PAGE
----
Sunday, March 1, 2020

The Mulekite Homeland in the Land of Promise – Part XIII

Continued from the previous post regarding the Mulekite homeland, where they landed, where they settled, and who they were, and how numerous theorists have treated this subject erroneously; and continuing below with Sorenson’s remarks about co-mingling of the Jaredites and Mulekites/Nephites, some of which rationale is found in names as discussed in the last part in the previous post.
10. The Jaredites’ final destruction took place after the arrival of the Mulekites and the discovery of the 24-gold plates, probably around 350 B.C.
Quoting the account of Limhi’s 43-man expedition (Mosiah 8:7) which became lost and ended up discovering the Old Jaredite Lands (Mosiah 8:8) in which bones and rusted swords were found (Mosiah 8:11), Joseph Allen claims that these were by the seashore and as such, could not have lasted long in that condition. F. Richard Hauck agrees with this position. Therefore, they erroneously draw the conclusion that this destruction must have happened within a few years of the discovery. However, these scholars forget a simple fact—Jaredite bodies were strewn across the land, not just along the seashore!
The battle of the Jaredite Civil War raged across the land, as the two armies fled from one another from the south to the north, from the west to the eastern shore

According to Ether’s text, there had been an ongoing war in the Land Northward for many years prior to this last, great battle in which nearly two million soldiers had been killed (Ether 15:2) not counting women and children.
    That figure could be doubled when considering how many of the people of Shiz had also perished in these wars. These people had died all across the land (Ether 14:21), meaning, according to B.H. Roberts, there were between ten and fifteen million bodies lying all across the land. And so swift and speedy was the war that there was none left to bury the dead (Ether 14:22), leaving the bodies of men, women, and children strewn across the face of the land and the scent of death covered the entire face of the land (Ether 14:22-23).
    Now after these battles, Shiz pursued a retreating Coriantumr eastward, even to the borders of the seashore where they fought for three days (Ether 14:26), and so great was the death and destruction, that Shiz fled to the land of Corihor (Ether 14:28), killing anyone in his path who would not join his army (Ether 14:27). Coriantumr’s pursuing army pitched their tents in the valley of Shurr, which “was near the hill Comnor” (Ether 14:28). In this battle, so many men, women, and children were killed on both sides that Shiz broke off the engagement and did not pursue Coriantumr’s army further (Ether 14:31).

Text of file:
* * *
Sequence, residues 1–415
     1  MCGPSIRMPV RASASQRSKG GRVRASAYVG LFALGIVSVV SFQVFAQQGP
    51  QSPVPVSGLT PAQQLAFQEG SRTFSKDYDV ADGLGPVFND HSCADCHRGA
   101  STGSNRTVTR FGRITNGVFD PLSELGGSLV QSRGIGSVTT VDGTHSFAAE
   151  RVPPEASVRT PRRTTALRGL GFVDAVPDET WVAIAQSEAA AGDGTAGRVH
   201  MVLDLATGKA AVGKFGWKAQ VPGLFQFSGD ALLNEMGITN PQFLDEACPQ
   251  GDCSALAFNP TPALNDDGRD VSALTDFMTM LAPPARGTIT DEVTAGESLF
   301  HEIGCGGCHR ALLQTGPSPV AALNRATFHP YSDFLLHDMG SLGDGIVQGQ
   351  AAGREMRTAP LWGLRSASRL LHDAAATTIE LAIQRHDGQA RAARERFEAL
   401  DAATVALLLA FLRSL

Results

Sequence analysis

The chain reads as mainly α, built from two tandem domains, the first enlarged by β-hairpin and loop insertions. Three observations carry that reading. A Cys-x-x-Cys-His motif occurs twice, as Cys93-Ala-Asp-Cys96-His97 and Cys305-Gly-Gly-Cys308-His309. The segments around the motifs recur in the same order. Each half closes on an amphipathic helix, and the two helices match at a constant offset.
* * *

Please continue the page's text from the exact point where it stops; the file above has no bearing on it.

In the next running battle, Coriantumr retreats to the waters of Ripliancum (Ether 15:7-8), then drives the army of Shiz southward to a place called Ogath (Ether 15:10), which is near the hill Ramah which is the same hill where Mormon hid up the records (Ether 15:11). It was in this last location where the final, great battle took place (Ether 15:15-30), a place where no mention of the seashore, west or east, is made.
    The conclusion can only be drawn that these bodies which Limhi’s 43-man expedition found could have been located anywhere “across the face of the land,” not just by the seashore as Allen claims, and certainly not that last, great battle near a seashore for the scriptures make no such claim. The fact that this area where the bones were found was called the Land of Desolation because of that destruction, it could be concluded that this land may well have been a type of topography and makeup that might preserve such remains for a very long time.
    Thus, depending upon the location and conditions of the land, both bones, metals, and weapons of war could have been maintained for a lengthy period, certainly long enough if left untouched and unmolested, for the space of almost any amount of time between the last of the Jaredites and their discovery by Limhi’s people.
Ether overlooking the battlefield 

Perhaps the most decisive argument against the Jaredites living in parallel time with the Nephites is found in Ether. He writes: (Ether 13:2) For he truly told them of all things from the beginning of man; and that after the waters had receded from off the face of this land it became a choice land above all other lands, a chosen land of the Lord; wherefore the Lord would have that all men should serve him who dwell upon the face thereof;